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Ko wai mātau?


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Tamatea Pōkai Whenua is the Post Settlement Governance Entity for Heretaunga Tamatea. Established to receive the redress negotiated by He Toa Takitini in settlement of the historical Treaty grievances of Heretaunga Tamatea against the Crown.

Te Rohe o Tamatea Pōkai Whenua

Hāro ake rā Te Kaahu ki tūāraki ko Tūtaekurī,

Koko i te taupae o Ruahine ki runga ki Ruataniwha. Whakatemoana te titiro ki te tonga ko Pōrangahau. Heretaunga - Tamatea! E kokoia, e ara e!

Considered the richest, most fertile soils in all of Aotearoa, the traditional tribal rohe of Heretaunga Tamatea comprises 1.475 million acres spread amongst lofty mountain ranges, deep, conturing valleys and large, vast alluvial plains with five main river systems fuelled by the Heretaunga and Ruataniwha aquifers.

The rohe of Heretaunga Tamatea is aptly described  by 'te kanohi hōmiromiro o te hāro o te kāhu' (the all seeing eye of the hawk in flight).  It starts on the coast at Te Kauwae-a-Māui/Cape Kidnappers and follows the coast north to the mouth of the Tūtaekurī River. It then extends westward along the Tūtaekurī to the foothills and eastern slopes of the Ruahine Range. Heading south, it embraces the Kāweka and Gwavas Forests to the headwaters of the Manawatū River in the south. It then crosses eastward to the coast at Te Poroporo and turns northwards up the coast embracing Parimāhu, passing one of the nation's outstanding landscapes - Kōhinurākau, Te Mata-o-Rongokako and Kahurānaki, the sacred mountain of the rohe - to arrive back  at Te Kauwae-a-Māui/Cape Kidnappers.

Before the arrival of Pākehā, a system of wetlands, swamps, and lakes extended from the Heretaunga plains through the Pekapeka wetlands and the Ngā Puna-a-Tara to the Whatumā lake system in the south. This, together with the area’s coastal fisheries and extensive bush, provided extremely rich sources of food, as well as medicine and materials for the region’s peoples. The names of the rivers, streams, natural features, fauna and flora of Heretaunga Tamatea illustrate the long association between the land and the people.

Takiwā Map

The signficant wealth and prosperity of Hawke’s Bay has been sourced both from the lands and the waters of the rohe, and from the labour and generosity of generations of the hapū of Heretaunga Tamatea.


​This generosity is the primary example of the tikanga of manaaki tangata, the customary practise of welcoming and embracing of guests to our lands; our participation with distinction through several colonial and imperial wars; our major contribution to industrial, pastoral, agricultural and horticultural development; and our iconic academic, artistic and sports acclaim.

Te Aute College - Heretaunga Tamatea Treaty Settlement Deed Signing-273.jpg

Ngā Hapū o Tamatea Pōkai Whenua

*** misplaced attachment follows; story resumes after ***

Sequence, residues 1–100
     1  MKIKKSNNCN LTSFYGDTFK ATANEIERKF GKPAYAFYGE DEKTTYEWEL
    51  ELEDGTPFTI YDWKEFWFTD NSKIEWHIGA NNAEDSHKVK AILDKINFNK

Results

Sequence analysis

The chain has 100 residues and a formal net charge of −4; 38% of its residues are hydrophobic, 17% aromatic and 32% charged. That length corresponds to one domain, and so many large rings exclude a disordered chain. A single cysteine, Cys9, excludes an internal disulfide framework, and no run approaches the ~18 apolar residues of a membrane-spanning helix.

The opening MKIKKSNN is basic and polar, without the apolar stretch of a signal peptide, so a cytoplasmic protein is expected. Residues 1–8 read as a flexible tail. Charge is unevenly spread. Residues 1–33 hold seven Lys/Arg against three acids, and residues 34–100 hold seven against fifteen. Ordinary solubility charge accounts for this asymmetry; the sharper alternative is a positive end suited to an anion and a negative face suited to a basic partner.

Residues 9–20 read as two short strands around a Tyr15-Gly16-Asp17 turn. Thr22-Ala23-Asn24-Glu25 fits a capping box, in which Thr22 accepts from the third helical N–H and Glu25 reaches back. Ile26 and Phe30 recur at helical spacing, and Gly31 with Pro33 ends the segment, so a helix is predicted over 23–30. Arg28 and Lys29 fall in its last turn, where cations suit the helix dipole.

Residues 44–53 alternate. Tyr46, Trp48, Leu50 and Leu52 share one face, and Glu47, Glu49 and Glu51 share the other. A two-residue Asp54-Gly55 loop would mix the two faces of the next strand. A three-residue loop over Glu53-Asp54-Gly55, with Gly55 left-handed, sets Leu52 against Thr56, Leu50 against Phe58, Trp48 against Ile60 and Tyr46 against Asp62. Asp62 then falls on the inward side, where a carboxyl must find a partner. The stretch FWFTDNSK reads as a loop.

The hapū of Heretaunga Tamatea are tangata whenua within their respective takiwā.


The rich resources of Heretaunga Tamatea and surrounding areas attracted successive waves of immigrants over the centuries.  Among the earliest groups to settle in the region were Ngāti Hotu, Ngāti Mahu, Ngāti Whatumoana, Ngāti Ōrotu and Te Tini-o-Awa.  Later came te Kurahaupo waka settlers of Ngāi Tara and Rngitāne, followed by the Takitimu peoples of Ngāti Kahungunu under Taraia and Ngāti Ira/Ngāi Tahu under Te Aomatarahi.


Although the arrival of new migrants sometimes led to conflict with groups who precded them, strategic intermarriage helped to stabilise communities and establish bloodlines which connect the present hapū of Heretaunga Tamtea through these ancestors to the lands they currently occupy. They have held, and continue to hold, ahi-kā-roa since they first settled the land.

The hapū of Tamatea Pōkai Whenua are:

  • Ngāi Tahu ki Takapau

  • Ngāi Tamaterā

  • Ngāi Te Ao

  • Ngāi Te Hauapu

  • Ngāi Te Hurihanga-i-te-rangi

  • Ngāi Te Kīkiri o Te Rangi

  • Ngāi Te Ōatua

  • Ngāi Te Rangikoianake I

  • Ngāi Te Rangikoianake II

  • Ngāi Te Rangitekahutia

  • Ngāi Te Rangitotohu

  • Ngāi Te Ūpokoiri

  • Ngāi Te Whātuiāpiti

  • Ngāi Toroiwaho

  • Ngāti Hāwea

  • Ngāti Hikatoa

  • Ngāti Hinemanu

  • Ngāti Hinemoa

  • Ngāti Hinetewai

  • Ngāti Hotoa

  • Ngāti Honomōkai

  • Ngāti Hōri

  • Ngāti Kautere

  • Ngāti Kere

  • Ngāti Kotahi

  • Ngāti Kurukuru

  • Ngāti Mārau o Kahungunu

  • Ngāti Mahuika

  • Ngāti Manuhiri

  • Ngāti Mihiroa

  • Ngāti Ngarengare

  • Ngāti Papatuamāro

  • Ngāti Pīhere

  • Ngāti Pōporo

  • Ngāti Pukututu

  • Ngāti Rāhunga

  • Ngāti Takaroa / Ngāti Tākaro

  • Ngāti Tamatea

  • Ngāti Te Rehunga

  • Ngāti Toahoropaki

  • Ngāti Tukuaterangi

  • Ngāti Urakiterangi

  • Ngāti Whakaiti.

The Hapū of Tamatea Pōkai Whenua sometimes created competing political alliances like Te Hika-a-Ruarauhanga and Te Hika-a-Papauma, Ngāti Kahungunu ki Heretaunga and Ngāi Te Whatuiāpiti but for most part they have lived politically independant lives under seperate rangatira, each on their own lands, each with their own mana.

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